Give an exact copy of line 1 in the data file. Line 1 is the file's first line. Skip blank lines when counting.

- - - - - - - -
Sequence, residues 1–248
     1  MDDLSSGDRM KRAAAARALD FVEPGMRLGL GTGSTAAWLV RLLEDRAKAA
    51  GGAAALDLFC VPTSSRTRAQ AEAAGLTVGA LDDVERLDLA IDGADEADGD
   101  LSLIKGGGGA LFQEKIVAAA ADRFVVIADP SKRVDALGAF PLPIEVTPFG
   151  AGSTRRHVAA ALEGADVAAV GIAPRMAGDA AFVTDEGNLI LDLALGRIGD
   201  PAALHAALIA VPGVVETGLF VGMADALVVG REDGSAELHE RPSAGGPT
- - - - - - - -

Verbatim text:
Sequence, residues 1–248